Frontlines

Peter the great

Lawrence O’Toole October 1 1979
Frontlines

Peter the great

Lawrence O’Toole October 1 1979

Peter the great

Frontlines

PORTRAIT

Lawrence O’Toole

Stately, plump Peter Ustinov comes from the rehearsal stage, bearing a plate of cardboard on which tuna and two pieces of toast lie crossed. He plops his plum-shaped person onto a plush sofa. He is sporting a summer shirt that is as busy as a painter’s palette. Resting alongside this profusion of color is the tiny tuna sandwich, at

which he gives a sidelong glance-that Nero might have reserved for a particularly voluptuous variety of grape. Pinkie poised on the ascent, he spirits the sandwich into his mouth, producing an effect of great delicacy which only the very large can accomplish while handling the very small. He then proceeds to talk with his mouth full, offering no apology, but demonstrating that he can, against the odds of tuna and bread, enunciate as clearly and mellifluously as the reformed Eliza Doolittle with her mouth full of marbles. He is, after all, Peter Ustinov; he can do many things.

At 58, advanced in achievement as well as avoirdupois, he has sallied into Stratford, Ontario, to essay the role of Shakespeare’s most troublesome king, Lear, which he will perform for four weeks beginning Oct. 5 before the production goes to Broadway. “You once said something interesting regarding an early play of yours, King Lear's Photographer,” remarks the interviewer earnestly. “I’m very relieved to hear it,” replies the interviewee. Pleased as punch with his riposte, he becomes his own audience and laughs. The soft, skittery sound is the vocal equivalent of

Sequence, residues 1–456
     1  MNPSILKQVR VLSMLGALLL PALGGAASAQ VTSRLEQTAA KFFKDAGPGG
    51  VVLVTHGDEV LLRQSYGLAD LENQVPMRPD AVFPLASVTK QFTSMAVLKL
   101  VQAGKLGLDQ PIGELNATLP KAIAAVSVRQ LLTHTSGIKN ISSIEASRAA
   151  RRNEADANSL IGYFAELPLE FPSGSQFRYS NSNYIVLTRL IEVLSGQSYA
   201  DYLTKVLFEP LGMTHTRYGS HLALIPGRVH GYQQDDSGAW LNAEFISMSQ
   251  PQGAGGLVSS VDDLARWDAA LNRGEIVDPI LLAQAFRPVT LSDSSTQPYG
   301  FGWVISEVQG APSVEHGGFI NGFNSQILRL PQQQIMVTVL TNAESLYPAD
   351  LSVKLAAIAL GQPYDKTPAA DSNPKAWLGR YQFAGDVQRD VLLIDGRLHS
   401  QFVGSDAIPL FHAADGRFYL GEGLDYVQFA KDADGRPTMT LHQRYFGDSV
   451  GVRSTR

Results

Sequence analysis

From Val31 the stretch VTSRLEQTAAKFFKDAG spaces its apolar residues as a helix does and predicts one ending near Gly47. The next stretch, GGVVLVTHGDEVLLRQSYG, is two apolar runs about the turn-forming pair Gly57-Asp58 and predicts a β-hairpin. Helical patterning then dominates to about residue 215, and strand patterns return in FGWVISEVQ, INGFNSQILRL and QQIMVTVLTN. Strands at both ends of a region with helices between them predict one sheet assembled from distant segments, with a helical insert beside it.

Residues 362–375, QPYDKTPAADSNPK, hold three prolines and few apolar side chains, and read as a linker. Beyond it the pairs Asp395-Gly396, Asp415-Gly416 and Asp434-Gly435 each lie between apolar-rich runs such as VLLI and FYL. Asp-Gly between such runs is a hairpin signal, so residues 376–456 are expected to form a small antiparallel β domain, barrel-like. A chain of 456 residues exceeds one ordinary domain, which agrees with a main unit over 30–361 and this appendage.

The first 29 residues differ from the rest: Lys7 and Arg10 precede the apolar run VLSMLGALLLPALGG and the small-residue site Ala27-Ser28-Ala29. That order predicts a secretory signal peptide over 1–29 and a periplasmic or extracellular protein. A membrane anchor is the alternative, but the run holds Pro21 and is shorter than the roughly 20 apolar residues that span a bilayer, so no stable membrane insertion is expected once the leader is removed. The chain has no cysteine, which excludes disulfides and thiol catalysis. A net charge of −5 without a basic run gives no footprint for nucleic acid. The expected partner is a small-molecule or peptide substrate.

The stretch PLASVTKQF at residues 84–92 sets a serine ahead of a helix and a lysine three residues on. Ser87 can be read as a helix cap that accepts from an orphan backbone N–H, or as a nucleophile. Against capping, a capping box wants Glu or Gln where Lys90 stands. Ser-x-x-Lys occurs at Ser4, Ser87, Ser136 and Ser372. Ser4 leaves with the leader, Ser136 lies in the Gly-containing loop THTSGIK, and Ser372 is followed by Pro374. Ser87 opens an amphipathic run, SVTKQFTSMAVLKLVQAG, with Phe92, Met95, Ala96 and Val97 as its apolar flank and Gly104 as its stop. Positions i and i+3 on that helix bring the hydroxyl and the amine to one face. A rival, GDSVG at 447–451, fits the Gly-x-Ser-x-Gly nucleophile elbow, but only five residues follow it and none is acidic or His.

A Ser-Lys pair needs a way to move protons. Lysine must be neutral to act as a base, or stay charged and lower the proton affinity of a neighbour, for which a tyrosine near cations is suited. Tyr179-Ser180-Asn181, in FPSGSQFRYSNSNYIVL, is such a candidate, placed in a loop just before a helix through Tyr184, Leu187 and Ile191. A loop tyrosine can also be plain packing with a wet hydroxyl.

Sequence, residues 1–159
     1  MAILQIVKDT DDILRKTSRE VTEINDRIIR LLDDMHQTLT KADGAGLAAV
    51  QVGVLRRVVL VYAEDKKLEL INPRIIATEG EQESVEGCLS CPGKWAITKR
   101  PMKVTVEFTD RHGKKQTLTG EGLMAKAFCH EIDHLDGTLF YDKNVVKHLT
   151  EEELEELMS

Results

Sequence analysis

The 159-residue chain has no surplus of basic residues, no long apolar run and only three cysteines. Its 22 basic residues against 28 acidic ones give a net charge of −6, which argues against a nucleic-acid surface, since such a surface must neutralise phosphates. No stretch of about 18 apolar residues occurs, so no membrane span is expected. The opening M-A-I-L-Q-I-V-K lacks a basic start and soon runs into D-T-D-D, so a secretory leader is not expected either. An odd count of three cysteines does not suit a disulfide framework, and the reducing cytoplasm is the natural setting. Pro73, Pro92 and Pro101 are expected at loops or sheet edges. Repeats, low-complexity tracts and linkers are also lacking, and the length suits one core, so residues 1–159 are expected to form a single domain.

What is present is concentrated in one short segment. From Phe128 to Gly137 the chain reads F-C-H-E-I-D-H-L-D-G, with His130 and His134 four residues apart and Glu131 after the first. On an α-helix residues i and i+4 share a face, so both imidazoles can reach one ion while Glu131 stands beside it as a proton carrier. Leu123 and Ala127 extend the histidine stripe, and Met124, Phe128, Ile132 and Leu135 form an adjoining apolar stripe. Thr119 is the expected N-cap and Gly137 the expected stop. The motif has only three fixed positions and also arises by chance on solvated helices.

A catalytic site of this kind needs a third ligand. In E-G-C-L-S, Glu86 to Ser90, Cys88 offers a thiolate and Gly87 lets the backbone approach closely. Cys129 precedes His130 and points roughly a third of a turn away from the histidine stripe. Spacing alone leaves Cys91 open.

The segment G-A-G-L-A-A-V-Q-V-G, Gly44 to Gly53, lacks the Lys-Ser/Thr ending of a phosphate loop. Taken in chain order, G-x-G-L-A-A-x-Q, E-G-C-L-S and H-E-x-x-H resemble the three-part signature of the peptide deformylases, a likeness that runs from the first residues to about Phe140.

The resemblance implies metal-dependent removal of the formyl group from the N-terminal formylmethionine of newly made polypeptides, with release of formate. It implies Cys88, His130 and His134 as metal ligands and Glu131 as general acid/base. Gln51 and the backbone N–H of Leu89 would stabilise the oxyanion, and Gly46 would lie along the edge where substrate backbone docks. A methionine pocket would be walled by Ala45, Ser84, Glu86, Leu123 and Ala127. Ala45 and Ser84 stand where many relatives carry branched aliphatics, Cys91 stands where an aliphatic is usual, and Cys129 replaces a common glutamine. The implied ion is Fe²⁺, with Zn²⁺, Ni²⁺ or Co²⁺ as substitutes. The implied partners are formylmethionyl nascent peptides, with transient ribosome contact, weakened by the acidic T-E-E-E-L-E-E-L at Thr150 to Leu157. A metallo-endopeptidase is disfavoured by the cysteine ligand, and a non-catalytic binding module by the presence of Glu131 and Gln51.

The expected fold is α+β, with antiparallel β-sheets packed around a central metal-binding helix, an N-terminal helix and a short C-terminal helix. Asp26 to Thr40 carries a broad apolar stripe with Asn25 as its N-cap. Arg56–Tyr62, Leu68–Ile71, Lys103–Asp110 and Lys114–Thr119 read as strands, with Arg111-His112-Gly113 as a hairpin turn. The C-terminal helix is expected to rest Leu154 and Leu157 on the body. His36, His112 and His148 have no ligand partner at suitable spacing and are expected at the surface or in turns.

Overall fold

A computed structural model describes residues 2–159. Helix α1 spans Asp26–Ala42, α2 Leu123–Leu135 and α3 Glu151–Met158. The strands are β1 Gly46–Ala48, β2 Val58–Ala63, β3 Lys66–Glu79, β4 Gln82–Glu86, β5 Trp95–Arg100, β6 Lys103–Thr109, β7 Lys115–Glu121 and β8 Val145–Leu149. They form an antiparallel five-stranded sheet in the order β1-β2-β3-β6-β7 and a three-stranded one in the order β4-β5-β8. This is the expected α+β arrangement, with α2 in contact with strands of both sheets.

pebbles skimming a pond. And when he laughs, he shakes, his face a divertissement of dimples. Then he lets into Lear, as viewed by Peter Ustinov, proving that he is possibly the only man alive who can say, “Of course it’s very skilfully and brilliantly written by Shakespeare,” and make it sound like an original and perceptive observation.

When asked once whether Queen

Elizabeth ever experienced difficulty in keeping up her end of the many conversations she must encounter as Queen, the Queen Mother hastily replied that her daughter could, if necessary, carry on an entire conversation on the subject of spark plugs. No less a royal raconteur, Ustinov, given the grace of several seconds, could easily establish a connection between spark plugs and the price of bread in Bulgaria. The regal similitude is persistent: by pluralizing the very concept of career in the way he has, Ustinov qualifies for admission to that august company which avails itself of the royal “we.” In his time he has been variously known as actor (one Grammy, two Oscars, three Emmys), playwright, director, novelist, short-story writer, opera producer and set designer, master of mimicry, world traveller and polyglot (fluent in four languages, a smattering of others). Not to push a point, he has been a husband and a father several times, as well. Above all, he is a talker— the thinking man’s Sebastian Cabot, the darling of the chat-show circuit. (David Niven, no rusty raconteur him-

self, won’t be found on the same show with him for fear of being upstaged.) Being rather more than inclined to talk into the twilight of his listener’s interest, he can also be the savior of lazy or lousy interviewers. Obversely, painting a personality profile of him can be much like filling in an employment card for Sybil. Quite possibly the only major mistake he has allowed himself to make was when he titled his best-selling memoirs Dear Me and not Dear We.